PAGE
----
Arthur Penn:"Night Moves" (1975)

Night Moves (1975)
Like Robert Altman's The Long Goodbye (1973) and Roman Polanski's Chinatown (1974), Arthur Penn's Night Moves rethinks the conventions of 1940s film noir with a 1970s sensibility. In the noir world, the L.A. lifestyles of the rich and famous masked an amoral core over which the detective could momentarily assert his ethical power; in Penn's 1970s version (as in those of Altman and Polanski), the detective cannot even manage that small a victory. The noir shadows that swathe Harry Moseby's Florida trip in Night Moves only emphasize how little he can see of what is really happening; and even what action Harry (Gene Hackman) can see is blocked by clear water and glass barriers. Increasingly less receptive to films that delved into the unethical morass of contemporary America, the audience did not embrace Night Moves as earlier ones had Penn's previous revisionist genre movies, Bonnie and Clyde (1967) and Little Big Man (1970). Still, the final image of this Penn outing indelibly sums up the quandary of a detective with some grasp of how to do the right thing, faced with a society that couldn't care less.

The Walker Brothers :"Portrait" (1966)

The Walker Brothers Portrait
The Walkers' second U.K. album was their most commercially successful, reaching number three, yet its quality was quite erratic. Like some other pop/rock LPs of its time, it suffered from an apparent strategy to appeal to a wider demographic than those that typically bought pop/rock records, adding a cover of Louis Armstrong's "Just for a Thrill," the moldy standard "Old Folks," and the pedestrian white-boy soul workout on Curtis Mayfield's "People Get Ready." On the other hand, this had the dramatic "In My Room," a fine antecedent of Scott Walker's moody late-'60s solo outings. The two songs Scott actually wrote or co-wrote, "Saturday's Child" (which sounds too close to "River Deep, Mountain High" for comfort) and the easygoing crooner pop of "I Can See It Now," are okay but nothing more. The LP was filled out by a decent reading of "Summertime," covers of a couple of obscure Leiber/Stoller tunes ("Take It Like a Man" is very much in the Drifters style), and the melodramatic "No Sad Songs for Me" (the best tune that doesn't show up on the After the Lights Go Out compilation). The 1998 CD reissue essentially makes this into a whole new product by doubling the length to 24 songs, adding a dozen cuts from singles and EPs of the era. Some of the bonus tracks are among the Walkers' best, such as "The Sun Ain't Gonna Shine Anymore," "After the Lights Go Out," "Archangel," "Deadlier Than the Male," and "Mrs. Murphy." Yet all of these are available on After the Lights Go Out, and the rarer cuts aren't worthy of intense scrutiny. There's some excellent stuff on this disc, but as the best songs (from both the original Portrait LP and the extra tracks) are on After the Lights Go Out, it's only recommended to serious fans.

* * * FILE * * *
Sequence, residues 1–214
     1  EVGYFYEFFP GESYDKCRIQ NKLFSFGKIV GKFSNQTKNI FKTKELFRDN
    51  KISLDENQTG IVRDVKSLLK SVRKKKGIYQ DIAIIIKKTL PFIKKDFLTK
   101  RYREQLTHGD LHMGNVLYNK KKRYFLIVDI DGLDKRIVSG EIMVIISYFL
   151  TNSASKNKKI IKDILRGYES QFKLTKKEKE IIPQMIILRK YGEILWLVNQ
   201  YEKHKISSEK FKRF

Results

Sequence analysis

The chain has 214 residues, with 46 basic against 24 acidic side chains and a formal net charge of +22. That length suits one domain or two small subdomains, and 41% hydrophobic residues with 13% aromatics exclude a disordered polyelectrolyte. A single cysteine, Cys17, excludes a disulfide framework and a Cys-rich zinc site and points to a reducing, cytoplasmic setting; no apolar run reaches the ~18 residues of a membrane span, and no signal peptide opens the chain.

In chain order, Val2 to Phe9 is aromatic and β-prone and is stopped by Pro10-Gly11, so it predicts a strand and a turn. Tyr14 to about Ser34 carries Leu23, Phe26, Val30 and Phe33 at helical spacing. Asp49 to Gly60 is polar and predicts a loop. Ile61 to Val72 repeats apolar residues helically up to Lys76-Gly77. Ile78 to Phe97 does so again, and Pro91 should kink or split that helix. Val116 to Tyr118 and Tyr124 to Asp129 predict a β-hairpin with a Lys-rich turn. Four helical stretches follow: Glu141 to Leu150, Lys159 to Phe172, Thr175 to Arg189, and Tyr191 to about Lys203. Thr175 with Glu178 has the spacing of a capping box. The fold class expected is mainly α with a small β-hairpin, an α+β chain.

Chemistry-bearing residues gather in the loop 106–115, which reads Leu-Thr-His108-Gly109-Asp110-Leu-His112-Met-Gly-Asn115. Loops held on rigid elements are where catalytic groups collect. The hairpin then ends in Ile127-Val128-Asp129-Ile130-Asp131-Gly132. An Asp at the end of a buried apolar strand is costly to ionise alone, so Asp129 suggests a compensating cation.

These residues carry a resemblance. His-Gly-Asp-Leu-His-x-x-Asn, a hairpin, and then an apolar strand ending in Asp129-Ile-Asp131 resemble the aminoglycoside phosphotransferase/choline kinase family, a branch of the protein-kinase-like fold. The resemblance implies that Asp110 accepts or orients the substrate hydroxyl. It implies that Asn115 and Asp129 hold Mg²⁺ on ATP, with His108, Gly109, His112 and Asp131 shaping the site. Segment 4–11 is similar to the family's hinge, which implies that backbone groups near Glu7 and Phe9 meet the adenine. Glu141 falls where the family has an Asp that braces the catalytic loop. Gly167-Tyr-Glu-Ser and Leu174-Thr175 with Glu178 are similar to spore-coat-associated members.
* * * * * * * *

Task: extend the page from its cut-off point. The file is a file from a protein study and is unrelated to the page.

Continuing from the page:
Jerry Schatzberg:"Scarecrow" (1973)

Scarecrow (1973)